[Illustration: Northern Oak Fern. Phegopteris Robertiana (From Water’s “Ferns,” Henry Holt & Co.)]
[Illustration: BROAD BEECH FERN. Phegopteris hexagonoptera]
(3) BROAD BEECH FERN
Fronds triangular, broader than long, seven to twelve inches broad, spreading more or less horizontally at the summit of the stipe; pubescent and often glandular beneath; pinnae fragrant, lanceolate, the lowest pair usually much larger than those above, having the segments elongated and cut into lobes. Basal segments decurrent and forming a many-angled wing along the main rachis. Fruit-dots small, near the margin.
The broad beech fern is usually larger than its sister, the long beech fern, and extends farther south, ranging from New England to Minnesota and southward to Florida. It is sometimes called “six-angled polypody.” According to Dodge it is most common in Rhode Island and Connecticut. It prefers rather dry, open woods. It is said to have a pleasant, ferny odor when bruised. August.
(4) LONG BEECH FERN
Phegopteris polypodioides. THELYPTERIS PHEGOPTERIS
Fronds triangular, longer than broad, four to six inches long, twice pinnatifid. Pinnae lanceolate, acuminate, the lowest pair deflexed and standing forward; cut into oblong, obtuse segments. Fruit-dots near the margin.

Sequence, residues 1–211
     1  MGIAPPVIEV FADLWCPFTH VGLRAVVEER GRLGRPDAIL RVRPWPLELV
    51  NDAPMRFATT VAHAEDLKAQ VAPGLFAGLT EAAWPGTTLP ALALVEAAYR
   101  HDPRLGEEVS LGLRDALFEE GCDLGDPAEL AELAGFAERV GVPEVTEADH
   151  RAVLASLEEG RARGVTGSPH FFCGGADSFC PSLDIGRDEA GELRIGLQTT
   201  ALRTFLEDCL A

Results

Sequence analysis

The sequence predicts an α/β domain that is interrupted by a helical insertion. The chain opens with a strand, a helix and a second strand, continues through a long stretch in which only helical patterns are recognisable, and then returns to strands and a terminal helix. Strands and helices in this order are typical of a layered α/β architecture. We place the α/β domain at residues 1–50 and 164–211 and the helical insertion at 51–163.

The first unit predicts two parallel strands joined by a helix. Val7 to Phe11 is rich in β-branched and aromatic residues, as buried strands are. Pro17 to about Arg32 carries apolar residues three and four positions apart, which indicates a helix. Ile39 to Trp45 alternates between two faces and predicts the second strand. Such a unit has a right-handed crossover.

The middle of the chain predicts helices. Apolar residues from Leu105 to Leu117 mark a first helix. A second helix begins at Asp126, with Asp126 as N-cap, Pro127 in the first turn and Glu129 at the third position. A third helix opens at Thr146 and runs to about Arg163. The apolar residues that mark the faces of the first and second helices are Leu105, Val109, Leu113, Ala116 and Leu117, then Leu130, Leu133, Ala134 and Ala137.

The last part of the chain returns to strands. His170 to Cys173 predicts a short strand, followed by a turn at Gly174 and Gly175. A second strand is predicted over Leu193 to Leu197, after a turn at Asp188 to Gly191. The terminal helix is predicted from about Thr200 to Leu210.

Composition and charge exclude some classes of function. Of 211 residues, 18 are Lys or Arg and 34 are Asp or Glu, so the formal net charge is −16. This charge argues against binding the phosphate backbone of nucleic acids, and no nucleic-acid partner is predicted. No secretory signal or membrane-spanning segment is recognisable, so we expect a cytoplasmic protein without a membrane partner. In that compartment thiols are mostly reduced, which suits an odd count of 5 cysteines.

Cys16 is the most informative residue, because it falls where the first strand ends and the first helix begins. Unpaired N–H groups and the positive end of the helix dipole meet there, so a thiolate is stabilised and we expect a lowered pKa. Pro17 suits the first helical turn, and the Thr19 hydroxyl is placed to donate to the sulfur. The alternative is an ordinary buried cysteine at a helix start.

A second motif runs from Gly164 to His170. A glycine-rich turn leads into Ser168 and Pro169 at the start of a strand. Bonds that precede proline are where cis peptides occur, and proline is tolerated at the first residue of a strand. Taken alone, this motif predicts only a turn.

Compared with the broad beech fern this is the more northern species. While usually quite distinct in structure, it sometimes approaches its sister fern rather closely.
It prefers deep woods and shaded banks. Newfoundland to Alaska and southward to the mountains of Virginia. July.
[Illustration: Long Beech Fern. Phegopteris polypodioides]
[Illustration: The Long Beech Fern]
Aspidium fragrans. Nephrodium fragrans
THELYPTERIS FRAGRANS. Dryopteris fragrans
Fronds four to twelve inches high, glandular-aromatic, narrowly lanceolate and twice pinnate or nearly so. Pinnae oblong-lanceolate, pinnate or deeply pinnatifid. Pinnules toothed or entire nearly covered beneath with the large, thin, imbricated indusia which are orbicular with a narrow sinus, having the margins ragged and sparingly glanduliferous. Stipe short and chaffy.
The fragrant fern grows on high cliffs among the mountains of northern New England. It is reported from scattered stations in northern Maine, from north of the White Mountains and from Sunapee Lake in New Hampshire, and in the Green Mountains south to central Vermont, New Brunswick and to Minnesota. Found also in Alaska and Greenland. This much-coveted fern has a singularly sweet and lasting fragrance, compared by some to strawberries, by others to new-mown hay and sweet brier leaves. We have seen herbarium specimens that were mildly and pleasantly odorous after several years. When growing the fern may be tested “by its fragrance, its stickiness and its beautiful brown curls.” Evergreen. Spores ripen the middle of August.